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October 24, 2014

Cards Against Urbanity is an irreverent card game about, er, urban planning

By City Monitor Staff

If you’ve been to any parties lately with the right mix of snarks and geeks, you might have played a game called “Cards Against Humanity”. The premise is pretty simple: one person reads out a “question card” containing a blank or a question, such as “White people like _____” or “what are my parents hiding from me”? The other players then select one of the cards in their hand to answer the question or fill the blank: “the blood of Christ”, say, or “ethnic cleansing”. Whoever creates the most offensive or funny combination wins the round.

The game has been called the most “the most offensive – and lucrative – game on earth” by Bloomberg Business Week for its massive sales (it has 15,000 five star reviews on Amazon) and its politically incorrect content.  

Now, the urban planning community has its own version. “Cards Against Urbanity” runs to the same format as its predecessor, but using city planner lingo and situations. Question cards include “The city council recently banned______” and “Architects should really pay more attention to ______”, while answer cards mimic the tongue-in-cheek tone of the original game: “little people dressed as traffic cones”; “urban design that actually kills children”; “Mancaves”; “all nude rooftop deck”; “the poor people entrance”.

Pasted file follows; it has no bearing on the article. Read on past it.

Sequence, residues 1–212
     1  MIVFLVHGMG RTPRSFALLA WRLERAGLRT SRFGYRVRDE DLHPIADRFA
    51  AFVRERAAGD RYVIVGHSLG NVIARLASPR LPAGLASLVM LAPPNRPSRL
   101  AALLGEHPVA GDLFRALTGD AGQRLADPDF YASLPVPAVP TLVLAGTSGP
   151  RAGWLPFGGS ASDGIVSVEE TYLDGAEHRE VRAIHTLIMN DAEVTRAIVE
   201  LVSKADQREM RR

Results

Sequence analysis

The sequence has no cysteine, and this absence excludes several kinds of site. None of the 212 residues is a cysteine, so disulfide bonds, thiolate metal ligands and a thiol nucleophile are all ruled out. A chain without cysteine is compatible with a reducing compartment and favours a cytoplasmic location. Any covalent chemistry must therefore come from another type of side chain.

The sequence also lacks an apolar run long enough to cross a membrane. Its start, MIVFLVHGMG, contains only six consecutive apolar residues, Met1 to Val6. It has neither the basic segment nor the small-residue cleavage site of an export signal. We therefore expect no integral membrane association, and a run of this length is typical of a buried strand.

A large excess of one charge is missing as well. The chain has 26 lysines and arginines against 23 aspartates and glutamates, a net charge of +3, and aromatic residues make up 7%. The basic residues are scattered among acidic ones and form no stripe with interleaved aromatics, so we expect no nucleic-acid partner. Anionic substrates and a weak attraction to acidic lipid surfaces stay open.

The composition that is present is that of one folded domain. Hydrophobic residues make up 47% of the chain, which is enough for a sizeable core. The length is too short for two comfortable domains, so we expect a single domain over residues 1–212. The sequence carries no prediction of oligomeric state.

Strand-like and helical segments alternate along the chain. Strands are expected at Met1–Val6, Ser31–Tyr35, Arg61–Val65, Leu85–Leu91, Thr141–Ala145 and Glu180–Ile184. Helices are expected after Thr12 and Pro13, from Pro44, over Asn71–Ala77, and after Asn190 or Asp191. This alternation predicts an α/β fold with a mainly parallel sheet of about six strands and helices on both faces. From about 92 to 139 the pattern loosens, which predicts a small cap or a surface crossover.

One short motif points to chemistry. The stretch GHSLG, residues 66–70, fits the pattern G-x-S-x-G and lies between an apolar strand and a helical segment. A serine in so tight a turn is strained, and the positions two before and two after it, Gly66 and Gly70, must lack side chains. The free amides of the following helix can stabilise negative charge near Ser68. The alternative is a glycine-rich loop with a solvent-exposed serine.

The game’s creators, a group of planners and architects from Washington DC, say the game is a response to the expectation that citizens should be monitoring, reporting back on and even planning their city. To this end, the game includes “cardsplainers”, which translate city planner jargon for the uninitiated.

In a video on the game’s Kickstarter page, Lisa Ninenson, one of the creators says:

Wherever you live, cities, towns and rural areas around the globe are inviting people to take a more active role in shaping where they live, whether it’s reporting potholes on your smartphone or listing budget priorities….

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But running a city is complicated and technical, so how do you get up to speed? Luckily, we’re committed to bringing planning to the people, and what better way to do that than a rude and irreverant card game?

The group managed to almost triple their $7,500 Kickster goal by this week’s deadline, and backers will receive a deck of cards, plus T-shirts and/or a bench to play the game for more generous donors. The first decks of cards should ship in time for Christmas – so just in time to offend elderly relatives who think they’re playing a game about potholes. 

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